More than 1,050 Properties in 2021 State Debris Removal Program Cleared of Wildfire Debris


The California Governor’s Office of Emergency Services (Cal OES) and its local, state and federal partners are committed to helping survivors of this year’s wildfires recover and rebuild. As part of that commitment, they have been working hard to identify pathways toward removing eligible fire debris and hazardous trees from properties participating in the state’s Consolidated Debris Removal Program and taking measures to ensure that those properties are safe to rebuild on despite roadblocks posed by the recent rain and snowstorms in the affected counties.

Despite those challenges, the program, under the direction of Cal OES and the California Department of Resources Recycling and Recovery (CalRecycle), recently reached a major milestone in the effort, passing the 60-percent mark in properties cleared.

To date, crews have removed burned metal, concrete, ash and contaminated soil from 1,054 properties. The 1,054 cleared properties represent 62 percent of the 1,698 properties in 14 counties participating in the full debris removal program.  Another 378 properties are participating in the hazardous trees only element of the program.

“We recognize that property owners participating in the state’s debris removal program are eager for debris to be cleared so that they can begin the rebuilding process,” said Cal OES Deputy Director of Recovery Operations Ryan Buras. “Although inclement weather has made the road to recovery from this year’s wildfires challenging, we have reached a significant milestone in the effort to remove eligible debris from properties participating in the debris removal program through the collaboration and dedication of our team, as well as our local, state and federal partners. We remain motivated and committed to clearing all the participating properties and returning them to officials in the respective counties as quickly as possible.”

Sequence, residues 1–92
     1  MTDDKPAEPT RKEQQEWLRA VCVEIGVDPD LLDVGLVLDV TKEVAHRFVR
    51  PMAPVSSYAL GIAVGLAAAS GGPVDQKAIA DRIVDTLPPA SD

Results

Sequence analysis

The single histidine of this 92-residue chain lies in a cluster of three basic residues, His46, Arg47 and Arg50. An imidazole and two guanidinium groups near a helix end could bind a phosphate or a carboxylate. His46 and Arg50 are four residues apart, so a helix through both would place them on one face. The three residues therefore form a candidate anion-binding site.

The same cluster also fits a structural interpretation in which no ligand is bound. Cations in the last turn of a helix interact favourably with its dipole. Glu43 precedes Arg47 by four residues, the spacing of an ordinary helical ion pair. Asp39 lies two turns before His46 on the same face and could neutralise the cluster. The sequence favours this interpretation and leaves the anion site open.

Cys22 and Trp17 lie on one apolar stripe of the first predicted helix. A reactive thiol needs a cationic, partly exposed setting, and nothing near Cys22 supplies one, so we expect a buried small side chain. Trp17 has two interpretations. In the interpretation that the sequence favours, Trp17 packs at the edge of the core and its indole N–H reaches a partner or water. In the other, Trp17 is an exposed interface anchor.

Under the program, participating property owners incur no direct costs.

Property owners opt into the program by submitting a Right-of-Entry form (ROE) to their county, which allows the state to begin work on their property and incur no direct costs for the removal of burned metal, concrete, ash and contaminated soil from their properties.

62%: 2020 debris removal complete statewide This progress is due to homeowners signing up for the state's Consolidated Debris Removal Program, a no direct-cost service to help Californians rebuild after a disaster. For more information, visit

Data as of 10:30 a.m., February 2, 2022

Property owners cannot start rebuilding until fire debris is removed from their properties and soil samples taken from the property meet state environmental health and safety standards.”

Property owners also can do the work themselves or hire a private contractor, but the work must meet the same state standards as the State Program. If work is started by the property owner or contractor, they become ineligible for the State Program.

Click here for b-roll on work done in El Dorado County.

Steps Left to Complete

Before homeowners can begin rebuilding, cleared properties need additional work including:

  • Separate contractors collect soil samples for verification at a laboratory that they meet state environmental health and safety standards.
  • Contractors next may install erosion control measures.
  • Certified arborists or professional foresters assess wildfire-damaged trees in danger of falling on the public or public infrastructure for removal by separate contractors.
  • Finally, state officials inspect the property to verify all completed work meets state standards. Debris officials submit a final inspection report to local officials to approve the property for reconstruction.

Property owners can track progress on the Debris Operations Dashboard for the 2021 statewide wildfires. The dashboard is updated every hour and provides users with the ability to search by county or address.

* Data as of 2/2/22 at 10:30 a.m.

About the California Consolidated Debris Removal Program:

This Program has two phases:

  • In Phase I, local government, state and federal agencies have organized teams of experts and contractors to inspect the property and assess, make safe, and/or remove any household hazardous waste that may pose a threat to human health, animals, and the environment such as batteries, herbicides, pesticides, propane tanks, asbestos siding, and paints. Phase I is automatic and includes all residential properties that have been destroyed by the fires.
  • In Phase II, local, state and federal officials will coordinate to conduct fire-related debris removal from the property elected to participate in the State Program by signing a Right-of-Entry Form.